(6)______Duke, 30, who is (7) _______future Commander-in-Chief of the Armed Forces, is (8) ________ RAF Flight Lieutenant and works as (9) ________ Search and Rescue Force pilot on Sea King helicopters based at RAF Valley on Anglesey. But the second in line to the throne has never seen active service because it is considered too dangerous. (10) _______Prince Harry believes his brother could fly Chinook helicopters with emergency medical crews on board to pick up casualties.
“People back home will have issues with that, but we're not special. The guys out there are. Simple as that.”
No future monarch has seen active wartime service since (11)_______George VI, then known as (12)_______Prince Albert, who served with (13)________ Royal Navy during the First World War. His brother, (14) _______ then Prince of Wales, who later reigned briefly as (15) ________ Edward VIII, also served in the Great War, as a staff officer behind the front line at the Battle of the Somme.
Get the students to make a list of all the places that they can think of in each of the following cities that they would like to visit. Decide which places need articles and which do not.
Choose 10 countries, and draw a table with the flag of that country, the capital city, and 3 to 4 buildings and attractions to be found within that country. Make sure you leave out all the articles. Cut up your table, and give the students the parts to reassemble. Once they have put it all back together, they need to go through the list and decide which places need an article, and which don't.
The world’s biggest selling newspapers
(1)_____ internet is said to be taking its toll on newspapers, but circulation is still healthy in highly wired countries like (2) _______ Japan and South Korea. Tokyo seems to be the newspaper capital, boasting the two most widely circulated newspapers in the world: (3) ______ Yomiuri Shimbun and Asahi Shimbun.
Tokyo has, in all, four of the 10 most widely circulated newspapers in the world. Two are published from London: (4) _______ News of the World and (5) _____Sun. One is German: (6) ______ Bild. Two are in China. And the other one is (7) _____ Times of India.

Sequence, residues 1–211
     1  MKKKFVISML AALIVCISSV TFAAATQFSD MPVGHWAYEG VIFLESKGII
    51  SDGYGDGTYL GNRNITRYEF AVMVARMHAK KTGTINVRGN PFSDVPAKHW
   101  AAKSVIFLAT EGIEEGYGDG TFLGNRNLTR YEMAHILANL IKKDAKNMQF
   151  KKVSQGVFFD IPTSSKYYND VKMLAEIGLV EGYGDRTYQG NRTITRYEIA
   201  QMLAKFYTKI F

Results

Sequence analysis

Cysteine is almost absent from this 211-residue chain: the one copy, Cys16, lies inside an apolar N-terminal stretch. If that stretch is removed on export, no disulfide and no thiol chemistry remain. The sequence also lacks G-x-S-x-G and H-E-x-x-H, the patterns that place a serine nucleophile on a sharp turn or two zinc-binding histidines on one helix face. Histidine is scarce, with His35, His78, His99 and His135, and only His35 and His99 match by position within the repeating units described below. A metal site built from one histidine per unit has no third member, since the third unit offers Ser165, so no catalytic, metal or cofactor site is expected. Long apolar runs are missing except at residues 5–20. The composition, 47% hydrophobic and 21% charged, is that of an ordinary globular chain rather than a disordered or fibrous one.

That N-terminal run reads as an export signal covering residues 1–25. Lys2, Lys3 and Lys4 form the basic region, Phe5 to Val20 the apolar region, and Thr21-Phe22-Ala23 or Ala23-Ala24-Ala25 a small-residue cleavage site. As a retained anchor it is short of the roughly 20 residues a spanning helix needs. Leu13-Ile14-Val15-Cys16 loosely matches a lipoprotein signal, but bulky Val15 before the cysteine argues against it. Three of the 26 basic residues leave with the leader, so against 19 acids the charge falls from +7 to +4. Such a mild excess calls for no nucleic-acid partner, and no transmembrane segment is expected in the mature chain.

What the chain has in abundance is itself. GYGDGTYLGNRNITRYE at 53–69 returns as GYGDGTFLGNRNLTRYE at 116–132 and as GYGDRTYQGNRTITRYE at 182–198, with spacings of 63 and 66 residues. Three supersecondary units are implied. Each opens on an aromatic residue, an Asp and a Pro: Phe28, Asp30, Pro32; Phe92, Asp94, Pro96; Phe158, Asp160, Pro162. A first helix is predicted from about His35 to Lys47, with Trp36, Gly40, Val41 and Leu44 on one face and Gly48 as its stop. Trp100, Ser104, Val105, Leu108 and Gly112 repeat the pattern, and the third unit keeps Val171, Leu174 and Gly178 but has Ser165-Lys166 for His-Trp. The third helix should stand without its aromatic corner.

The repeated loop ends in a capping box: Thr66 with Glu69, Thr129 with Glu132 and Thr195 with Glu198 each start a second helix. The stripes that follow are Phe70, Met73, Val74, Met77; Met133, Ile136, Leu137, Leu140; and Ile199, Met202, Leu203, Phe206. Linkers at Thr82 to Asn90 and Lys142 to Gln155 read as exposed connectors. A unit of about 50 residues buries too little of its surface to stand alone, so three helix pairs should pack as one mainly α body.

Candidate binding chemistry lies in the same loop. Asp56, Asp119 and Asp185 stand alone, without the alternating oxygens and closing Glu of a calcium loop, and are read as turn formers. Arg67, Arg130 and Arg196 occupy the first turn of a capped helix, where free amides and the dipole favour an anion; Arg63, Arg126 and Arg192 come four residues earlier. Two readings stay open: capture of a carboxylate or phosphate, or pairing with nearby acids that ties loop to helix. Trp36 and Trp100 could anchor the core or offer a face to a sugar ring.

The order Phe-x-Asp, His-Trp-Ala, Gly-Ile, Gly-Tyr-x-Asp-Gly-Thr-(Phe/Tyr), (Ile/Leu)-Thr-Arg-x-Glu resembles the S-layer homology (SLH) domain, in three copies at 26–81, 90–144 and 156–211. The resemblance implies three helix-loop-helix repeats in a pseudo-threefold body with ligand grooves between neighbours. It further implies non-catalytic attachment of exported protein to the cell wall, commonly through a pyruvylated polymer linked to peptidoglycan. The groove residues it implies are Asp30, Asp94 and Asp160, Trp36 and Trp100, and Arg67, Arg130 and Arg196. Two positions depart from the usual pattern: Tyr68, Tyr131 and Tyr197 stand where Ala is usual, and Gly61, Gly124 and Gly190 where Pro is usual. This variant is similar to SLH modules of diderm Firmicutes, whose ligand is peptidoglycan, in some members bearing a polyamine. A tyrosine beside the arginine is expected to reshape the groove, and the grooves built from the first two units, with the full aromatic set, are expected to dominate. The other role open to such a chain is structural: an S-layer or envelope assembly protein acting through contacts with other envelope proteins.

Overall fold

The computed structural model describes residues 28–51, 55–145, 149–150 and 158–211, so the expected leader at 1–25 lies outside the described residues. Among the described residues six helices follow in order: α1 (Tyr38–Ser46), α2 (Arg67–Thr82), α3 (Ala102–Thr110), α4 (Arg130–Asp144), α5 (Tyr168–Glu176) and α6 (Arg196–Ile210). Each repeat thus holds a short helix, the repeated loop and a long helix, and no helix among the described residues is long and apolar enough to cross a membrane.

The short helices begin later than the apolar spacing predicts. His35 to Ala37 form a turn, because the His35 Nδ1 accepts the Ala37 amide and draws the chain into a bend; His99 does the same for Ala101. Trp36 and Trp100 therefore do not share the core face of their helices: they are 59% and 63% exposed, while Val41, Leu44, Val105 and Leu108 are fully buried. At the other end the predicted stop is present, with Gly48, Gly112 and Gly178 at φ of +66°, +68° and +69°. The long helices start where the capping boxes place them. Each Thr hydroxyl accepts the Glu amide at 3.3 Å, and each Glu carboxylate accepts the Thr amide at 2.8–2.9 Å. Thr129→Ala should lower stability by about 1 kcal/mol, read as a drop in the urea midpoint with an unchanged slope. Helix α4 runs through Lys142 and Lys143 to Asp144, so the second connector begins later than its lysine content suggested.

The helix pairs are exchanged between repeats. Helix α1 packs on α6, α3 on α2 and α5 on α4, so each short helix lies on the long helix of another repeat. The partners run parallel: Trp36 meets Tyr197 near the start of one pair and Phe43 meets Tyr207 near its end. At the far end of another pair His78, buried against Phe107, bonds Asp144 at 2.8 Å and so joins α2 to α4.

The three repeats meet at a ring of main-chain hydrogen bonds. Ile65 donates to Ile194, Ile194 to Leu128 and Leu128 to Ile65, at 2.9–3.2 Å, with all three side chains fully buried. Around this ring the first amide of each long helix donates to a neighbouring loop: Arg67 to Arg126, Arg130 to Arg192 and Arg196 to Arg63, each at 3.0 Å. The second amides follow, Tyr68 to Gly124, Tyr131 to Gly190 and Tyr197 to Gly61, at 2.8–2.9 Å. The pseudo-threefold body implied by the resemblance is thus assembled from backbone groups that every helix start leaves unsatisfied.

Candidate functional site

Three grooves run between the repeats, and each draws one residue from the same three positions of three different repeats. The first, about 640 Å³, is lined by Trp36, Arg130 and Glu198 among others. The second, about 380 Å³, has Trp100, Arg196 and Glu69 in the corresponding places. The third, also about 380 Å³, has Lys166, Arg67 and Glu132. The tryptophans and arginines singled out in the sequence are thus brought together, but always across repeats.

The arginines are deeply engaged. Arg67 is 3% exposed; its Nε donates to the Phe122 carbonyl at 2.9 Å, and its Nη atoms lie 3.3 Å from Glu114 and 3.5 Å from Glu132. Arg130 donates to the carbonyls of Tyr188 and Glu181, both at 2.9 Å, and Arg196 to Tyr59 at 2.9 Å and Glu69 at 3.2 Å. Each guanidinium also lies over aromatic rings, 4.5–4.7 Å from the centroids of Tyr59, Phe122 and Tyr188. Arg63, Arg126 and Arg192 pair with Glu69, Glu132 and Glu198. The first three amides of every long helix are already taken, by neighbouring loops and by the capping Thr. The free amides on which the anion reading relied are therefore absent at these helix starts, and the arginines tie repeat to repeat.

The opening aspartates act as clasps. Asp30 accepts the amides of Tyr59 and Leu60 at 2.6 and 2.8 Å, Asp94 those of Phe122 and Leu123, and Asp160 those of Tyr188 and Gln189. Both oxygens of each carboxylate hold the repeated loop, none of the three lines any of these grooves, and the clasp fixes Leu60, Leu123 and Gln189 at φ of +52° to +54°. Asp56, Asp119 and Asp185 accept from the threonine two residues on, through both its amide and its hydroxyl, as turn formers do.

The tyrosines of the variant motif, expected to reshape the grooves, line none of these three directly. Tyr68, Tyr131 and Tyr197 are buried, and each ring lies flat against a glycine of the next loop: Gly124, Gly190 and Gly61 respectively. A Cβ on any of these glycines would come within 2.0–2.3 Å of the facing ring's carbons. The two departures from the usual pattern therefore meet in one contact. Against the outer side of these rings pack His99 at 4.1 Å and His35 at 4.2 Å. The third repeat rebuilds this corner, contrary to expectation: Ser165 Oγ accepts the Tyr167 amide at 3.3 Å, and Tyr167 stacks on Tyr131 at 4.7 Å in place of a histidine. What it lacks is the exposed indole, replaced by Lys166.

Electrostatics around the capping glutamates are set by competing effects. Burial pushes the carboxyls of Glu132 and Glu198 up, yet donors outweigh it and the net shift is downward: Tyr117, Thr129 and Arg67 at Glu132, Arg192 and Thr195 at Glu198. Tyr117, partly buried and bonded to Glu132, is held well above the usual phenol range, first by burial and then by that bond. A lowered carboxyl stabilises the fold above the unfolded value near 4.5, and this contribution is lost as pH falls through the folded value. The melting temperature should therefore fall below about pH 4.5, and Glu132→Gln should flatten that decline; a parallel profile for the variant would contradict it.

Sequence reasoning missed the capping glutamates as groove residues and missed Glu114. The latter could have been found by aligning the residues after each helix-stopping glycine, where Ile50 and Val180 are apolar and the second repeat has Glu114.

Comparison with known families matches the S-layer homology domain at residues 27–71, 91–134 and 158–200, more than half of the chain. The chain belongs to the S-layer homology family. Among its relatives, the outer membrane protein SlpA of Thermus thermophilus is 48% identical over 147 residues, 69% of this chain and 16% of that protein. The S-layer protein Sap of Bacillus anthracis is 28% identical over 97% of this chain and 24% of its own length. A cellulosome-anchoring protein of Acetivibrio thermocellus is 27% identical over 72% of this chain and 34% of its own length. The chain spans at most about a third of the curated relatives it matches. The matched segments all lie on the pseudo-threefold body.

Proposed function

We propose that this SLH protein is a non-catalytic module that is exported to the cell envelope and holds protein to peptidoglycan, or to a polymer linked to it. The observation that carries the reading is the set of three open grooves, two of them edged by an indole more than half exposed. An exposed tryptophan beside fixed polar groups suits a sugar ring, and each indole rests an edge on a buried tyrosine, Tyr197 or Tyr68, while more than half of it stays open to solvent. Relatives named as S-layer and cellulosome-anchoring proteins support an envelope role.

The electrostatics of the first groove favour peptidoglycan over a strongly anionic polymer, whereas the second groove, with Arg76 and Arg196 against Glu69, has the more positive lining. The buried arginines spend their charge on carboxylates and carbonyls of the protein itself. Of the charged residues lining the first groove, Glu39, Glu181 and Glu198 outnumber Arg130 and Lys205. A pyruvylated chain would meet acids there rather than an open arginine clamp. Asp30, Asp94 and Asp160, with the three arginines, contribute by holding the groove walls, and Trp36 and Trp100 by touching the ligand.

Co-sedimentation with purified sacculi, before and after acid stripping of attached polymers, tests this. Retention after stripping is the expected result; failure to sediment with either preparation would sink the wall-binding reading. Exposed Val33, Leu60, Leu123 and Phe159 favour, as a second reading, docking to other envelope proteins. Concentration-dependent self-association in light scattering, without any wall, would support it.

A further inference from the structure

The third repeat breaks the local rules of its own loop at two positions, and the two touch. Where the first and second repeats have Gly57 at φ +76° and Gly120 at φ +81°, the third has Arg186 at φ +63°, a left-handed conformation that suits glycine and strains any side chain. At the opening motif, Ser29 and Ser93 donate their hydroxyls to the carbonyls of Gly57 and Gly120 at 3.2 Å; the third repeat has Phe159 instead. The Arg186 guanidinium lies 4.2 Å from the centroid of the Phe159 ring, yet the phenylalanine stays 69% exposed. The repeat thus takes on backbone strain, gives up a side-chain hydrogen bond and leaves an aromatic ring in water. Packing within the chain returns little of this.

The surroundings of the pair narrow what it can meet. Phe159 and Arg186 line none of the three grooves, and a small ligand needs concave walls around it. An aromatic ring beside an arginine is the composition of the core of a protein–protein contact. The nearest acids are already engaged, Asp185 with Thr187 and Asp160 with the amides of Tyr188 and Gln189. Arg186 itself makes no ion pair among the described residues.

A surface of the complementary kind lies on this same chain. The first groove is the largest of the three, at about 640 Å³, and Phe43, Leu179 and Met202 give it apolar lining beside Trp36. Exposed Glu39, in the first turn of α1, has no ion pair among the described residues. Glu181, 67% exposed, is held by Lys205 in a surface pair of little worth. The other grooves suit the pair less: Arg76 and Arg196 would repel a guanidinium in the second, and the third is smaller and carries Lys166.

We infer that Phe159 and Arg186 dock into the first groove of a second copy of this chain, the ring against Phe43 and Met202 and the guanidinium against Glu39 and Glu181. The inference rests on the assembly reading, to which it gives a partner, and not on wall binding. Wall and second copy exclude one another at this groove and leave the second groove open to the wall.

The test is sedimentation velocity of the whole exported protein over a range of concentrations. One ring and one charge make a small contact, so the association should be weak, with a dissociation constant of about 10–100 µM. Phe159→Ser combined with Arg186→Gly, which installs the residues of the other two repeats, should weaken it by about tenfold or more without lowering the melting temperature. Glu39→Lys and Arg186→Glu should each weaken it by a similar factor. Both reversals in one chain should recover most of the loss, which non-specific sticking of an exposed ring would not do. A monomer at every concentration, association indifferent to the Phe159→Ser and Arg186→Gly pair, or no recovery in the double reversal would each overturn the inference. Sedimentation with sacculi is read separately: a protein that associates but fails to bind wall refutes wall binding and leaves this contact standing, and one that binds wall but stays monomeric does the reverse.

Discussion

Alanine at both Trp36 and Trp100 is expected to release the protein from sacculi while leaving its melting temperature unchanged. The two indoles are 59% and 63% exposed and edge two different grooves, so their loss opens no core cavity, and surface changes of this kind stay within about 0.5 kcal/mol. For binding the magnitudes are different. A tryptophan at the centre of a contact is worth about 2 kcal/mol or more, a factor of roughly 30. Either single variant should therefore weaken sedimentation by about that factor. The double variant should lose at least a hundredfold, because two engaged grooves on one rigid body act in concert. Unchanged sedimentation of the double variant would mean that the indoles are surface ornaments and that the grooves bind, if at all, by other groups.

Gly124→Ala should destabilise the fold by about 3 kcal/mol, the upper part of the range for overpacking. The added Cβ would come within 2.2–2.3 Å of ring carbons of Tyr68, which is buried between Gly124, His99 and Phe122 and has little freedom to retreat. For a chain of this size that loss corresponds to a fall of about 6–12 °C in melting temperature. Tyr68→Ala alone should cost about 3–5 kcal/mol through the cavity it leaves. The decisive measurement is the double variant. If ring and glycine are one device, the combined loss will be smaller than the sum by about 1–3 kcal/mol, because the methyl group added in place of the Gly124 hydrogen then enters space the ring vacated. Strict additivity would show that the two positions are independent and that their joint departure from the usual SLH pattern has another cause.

So why aren't any American newspapers on the top 10 list? It can't be because of the internet. The internet is as widely used in Britain, Japan and South Korea as in (8) _______ America.
The figures in the table below are from the US-based Mondo Newspapers, which covers newspapers around the world.
It shows 49 newspapers in the world have a circulation of more than a million.
Only two of them are American: (9) _______ Wall Street Journal and (10) ______ USA Today. Britain has four: (11) _______ News of the World, (12) _____ Sun, (13) _______ Daily Mail and (14) _______ Daily Mirror. Europe has none except (15) ______ Bild.
Japan has 13, China 12 and so does India. Three of the Indian newspapers are in English: (16) _______ Times of India, the Hindu and the Hindustan Times. (17) _______South Korea has three while Thailand and Pakistan have one each. There is none anywhere else.
(18) ______ New York Times is 53rd on the list with a circulation of more than 950,000. No other American publication is on the list of the world's 100 most widely circulated newspapers. If you look at the list, you will see there is only one from (19) ______ Middle East – (20) ______ Egyptian Al-Ahram – and none at all from Latin America, sub-Saharan Africa, Australia and the South Pacific.